Authentic Czech food offerings, accordion dance music, the coronation of queens and celebration of heritage were all staple favorites at the 44th annual South Central Nebraska Czech Festival Saturday at the Hastings Eagles Club.

Embracing Czech and Slavic traditions, the event draws visitors from across the region, Czech and non-Czech alike, to share a meal that evokes fond memories for many who frequent the event each year. Vendors carrying traditional Czech offerings from the old country are always well received, while Czech songs sung by Czech queens prompt a sing-a-long response from those learned enough in the culture to know them.

Alan Krupicka, president of South Central Nebraska Czech Society, said the chapter is one of eight Czech societies across the state celebrating Czech heritage and culture. A resident of Tobias, a village of 110 people located 22 miles southwest of Wilber in the corner of Saline County, he and his wife, Diane, have been commuting 65 miles each way to participate in the festival and monthly society meetings at the Eagle’s Club for 21 years.

“It’s a great bunch of people,” he said. “It’s basically sharing our Czech heritage with music and baked goods and things.”

What makes the food and overall experience so memorable is that most of the presenters are of Czech heritage, Krupicka said. Favorites like kolaches and stew are prepared by society members from recipes that in many instances have been handed down for generations.

“We don’t farm anything out,” he said. “We’ve got a daughter-mother duo that does a fantastic job with the kolaches, houskas and strudels. A husband and wife and their son and daughter-in-law do all the meals: The kraut and the dumplings and pork. They’ve got Bohemian goulash and duck dinners this year.

“All we want to do is promote the food and the music that has been passed on from generation to generation. And the Czech beer!”

Georgia Bishel, 100, and George Janko, 90, both of Hastings, are among the regulars who circulate at the festival each year to share their love of Czech music and heritage with all in attendance. Both were recognized at this year’s festival for their respective contributions through the years, with Janko receiving an award for his lively accordion recitals and Bishel being crowned as honorary queen for her many years of service to the chapter’s royalty since the club’s formation in 1976. A resident of Hastings for more than 50 years, she taught elementary school at Longfellow from 1964-84.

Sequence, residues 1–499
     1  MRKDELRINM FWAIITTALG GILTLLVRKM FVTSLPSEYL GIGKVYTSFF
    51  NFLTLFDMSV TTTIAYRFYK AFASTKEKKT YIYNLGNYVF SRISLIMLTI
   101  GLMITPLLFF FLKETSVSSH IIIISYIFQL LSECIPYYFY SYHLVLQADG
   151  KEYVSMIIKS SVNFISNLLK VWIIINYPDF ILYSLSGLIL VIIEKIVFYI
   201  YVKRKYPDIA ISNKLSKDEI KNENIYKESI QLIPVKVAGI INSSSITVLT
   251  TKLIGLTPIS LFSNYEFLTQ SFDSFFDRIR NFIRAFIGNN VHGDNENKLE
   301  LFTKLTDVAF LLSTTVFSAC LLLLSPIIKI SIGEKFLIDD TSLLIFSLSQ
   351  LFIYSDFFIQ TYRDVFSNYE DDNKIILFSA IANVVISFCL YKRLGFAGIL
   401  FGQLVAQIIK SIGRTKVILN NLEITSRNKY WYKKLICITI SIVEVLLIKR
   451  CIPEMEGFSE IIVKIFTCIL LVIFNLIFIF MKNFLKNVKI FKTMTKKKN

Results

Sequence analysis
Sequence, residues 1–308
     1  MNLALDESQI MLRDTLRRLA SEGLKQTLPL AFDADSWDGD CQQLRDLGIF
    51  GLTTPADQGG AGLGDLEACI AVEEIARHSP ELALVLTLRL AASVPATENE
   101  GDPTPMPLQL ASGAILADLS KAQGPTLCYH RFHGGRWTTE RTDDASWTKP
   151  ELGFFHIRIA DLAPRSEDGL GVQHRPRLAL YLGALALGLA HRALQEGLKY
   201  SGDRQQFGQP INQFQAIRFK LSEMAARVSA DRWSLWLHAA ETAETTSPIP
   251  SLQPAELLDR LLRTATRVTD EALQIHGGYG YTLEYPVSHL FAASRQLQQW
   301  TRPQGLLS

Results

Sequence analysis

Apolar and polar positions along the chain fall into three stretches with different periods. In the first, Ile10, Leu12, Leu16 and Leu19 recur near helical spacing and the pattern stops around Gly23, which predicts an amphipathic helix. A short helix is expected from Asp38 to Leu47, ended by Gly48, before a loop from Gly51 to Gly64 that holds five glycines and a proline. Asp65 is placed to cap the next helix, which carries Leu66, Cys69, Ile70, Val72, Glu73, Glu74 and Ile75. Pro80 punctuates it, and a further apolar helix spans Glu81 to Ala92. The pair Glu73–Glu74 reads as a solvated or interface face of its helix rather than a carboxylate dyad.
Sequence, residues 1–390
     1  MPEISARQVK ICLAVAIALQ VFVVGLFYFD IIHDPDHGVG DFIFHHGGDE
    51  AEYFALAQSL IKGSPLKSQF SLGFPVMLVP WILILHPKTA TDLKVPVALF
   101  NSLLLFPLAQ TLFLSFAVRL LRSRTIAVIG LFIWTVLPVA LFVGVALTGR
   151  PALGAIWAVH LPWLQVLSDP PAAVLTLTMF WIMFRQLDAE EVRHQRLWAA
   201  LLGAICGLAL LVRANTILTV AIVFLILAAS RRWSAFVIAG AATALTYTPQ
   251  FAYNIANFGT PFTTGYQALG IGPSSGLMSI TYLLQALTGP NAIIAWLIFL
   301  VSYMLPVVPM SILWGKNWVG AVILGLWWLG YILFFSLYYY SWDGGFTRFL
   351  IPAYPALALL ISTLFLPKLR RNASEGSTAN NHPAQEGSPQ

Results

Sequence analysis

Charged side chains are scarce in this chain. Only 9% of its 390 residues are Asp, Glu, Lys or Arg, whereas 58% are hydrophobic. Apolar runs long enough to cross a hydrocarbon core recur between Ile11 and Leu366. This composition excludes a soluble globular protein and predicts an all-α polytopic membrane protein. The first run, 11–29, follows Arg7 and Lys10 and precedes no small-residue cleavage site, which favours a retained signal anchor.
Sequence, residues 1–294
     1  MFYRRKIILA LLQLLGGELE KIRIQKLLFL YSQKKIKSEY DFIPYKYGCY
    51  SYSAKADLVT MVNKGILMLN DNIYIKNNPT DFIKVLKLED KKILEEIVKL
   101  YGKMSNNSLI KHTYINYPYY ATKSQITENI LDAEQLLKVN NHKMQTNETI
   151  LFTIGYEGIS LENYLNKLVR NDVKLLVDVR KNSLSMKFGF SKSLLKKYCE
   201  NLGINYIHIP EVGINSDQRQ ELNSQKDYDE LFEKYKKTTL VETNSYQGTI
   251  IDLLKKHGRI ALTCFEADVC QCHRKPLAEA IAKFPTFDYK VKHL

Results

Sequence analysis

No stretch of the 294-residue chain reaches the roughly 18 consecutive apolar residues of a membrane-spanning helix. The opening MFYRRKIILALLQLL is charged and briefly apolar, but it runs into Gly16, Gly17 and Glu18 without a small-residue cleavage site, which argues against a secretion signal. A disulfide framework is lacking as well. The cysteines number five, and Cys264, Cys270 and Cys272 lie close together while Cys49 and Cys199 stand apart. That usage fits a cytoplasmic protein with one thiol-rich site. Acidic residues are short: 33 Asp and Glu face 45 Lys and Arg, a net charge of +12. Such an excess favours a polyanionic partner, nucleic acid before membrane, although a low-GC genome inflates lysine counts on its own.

Czech queens past and present joined in the presentation honoring Bishel, presenting her with a sash, flowers and tiara. The surprise nearly brought the unsuspecting honoree to tears.

“I’m speechless, and that’s unusual for me,” she told attendees, her voice trembling with emotion. “I can’t tell you what this means to me. The Czech society and Czech people have been one of my lifelines since I’ve been here. My mother and dad too, although he wasn’t Czech, enjoyed every minute they were with the Czech people, and I want to thank you all for being here and honoring me on this special day.”

Afterward, she reflected on what the presentation meant to her and the importance of sharing her Czech heritage with others.

“I had no idea such would happen,” she said. “It’s overwhelming. My Czech heritage is very important to me.

“Both of my grandparents were born in Czechoslovakia and came here in the late 1800s. Of course, I didn’t get to really know them, but they homesteaded and in their last years lived at Crete, Nebraska, and that’s where I remember seeing them. I can remember my little grandma sitting along the Blue River fishing, and Grandpa would always take us down to the beer hall and get candy for us. Those are my special memories of them.”

Both are buried in a small Bohemian cemetery in Crete.

Through the internet Bishel has managed to connect with distant relatives residing near Prague. She uses email to stay in touch with and mentor area Czech royalty.

“I’m very pleased we have this active group in Hastings,” she said. “I think the important thing is that many people are made aware of the Czech people who settled in Nebraska and the culture and traditions that we carry on.

“The community has been very good in helping to continue our work in our society and having our festival every year. I’m very pleased and thankful about that.”

Pauli Nejezchleb, 54, of Gretna said she attends the festival each year with her father, Jim Nejezchleb, 90. Crowned the society’s Czech queen in 1981, she said she was excited to see Bishel honored for her work with countless area Czech queens, including herself.

“To have Georgia honored is an incredible thing for the society to do,” she said. “She’s done so much work for so many years.”

Nejezchleb said the festival still stirs warm memories she enjoys sharing with her father, who is of 100% Czech heritage.

“It means a lot to me because it means so much to my dad,” she said. “We took a trip in 2012 to the Czech Republic, so it was nice to really experience our Czech heritage. And to come here and see it celebrated by so many people is a real blessing.”

Helen Kohmetscher, 86, of Lawrence said she and her husband, Chester, 92, are drawn to Czech festivals across the state each year by dance. A full-blooded Czech who still speaks the language, she said they enjoy the camaraderie and commonality that defines each festival experience.

“I’m a true Czech,” she said. “It’s my heritage. We love to dance and see the people and the crafts they have to sell. And listening to music.”


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